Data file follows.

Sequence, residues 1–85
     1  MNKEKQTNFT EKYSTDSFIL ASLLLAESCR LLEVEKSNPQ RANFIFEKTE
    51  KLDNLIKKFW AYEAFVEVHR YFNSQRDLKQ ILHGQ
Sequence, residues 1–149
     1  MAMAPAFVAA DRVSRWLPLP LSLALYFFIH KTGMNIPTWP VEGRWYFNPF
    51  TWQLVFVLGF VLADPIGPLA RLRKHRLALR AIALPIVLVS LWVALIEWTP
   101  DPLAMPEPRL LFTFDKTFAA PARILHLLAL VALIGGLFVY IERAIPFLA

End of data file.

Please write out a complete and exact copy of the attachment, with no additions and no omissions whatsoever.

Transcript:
Sequence, residues 1–85
     1  MNKEKQTNFT EKYSTDSFIL ASLLLAESCR LLEVEKSNPQ RANFIFEKTE
    51  KLDNLIKKFW AYEAFVEVHR YFNSQRDLKQ ILHGQ
Sequence, residues 1–149
     1  MAMAPAFVAA DRVSRWLPLP LSLALYFFIH KTGMNIPTWP VEGRWYFNPF
    51  TWQLVFVLGF VLADPIGPLA RLRKHRLALR AIALPIVLVS LWVALIEWTP
   101  DPLAMPEPRL LFTFDKTFAA PARILHLLAL VALIGGLFVY IERAIPFLA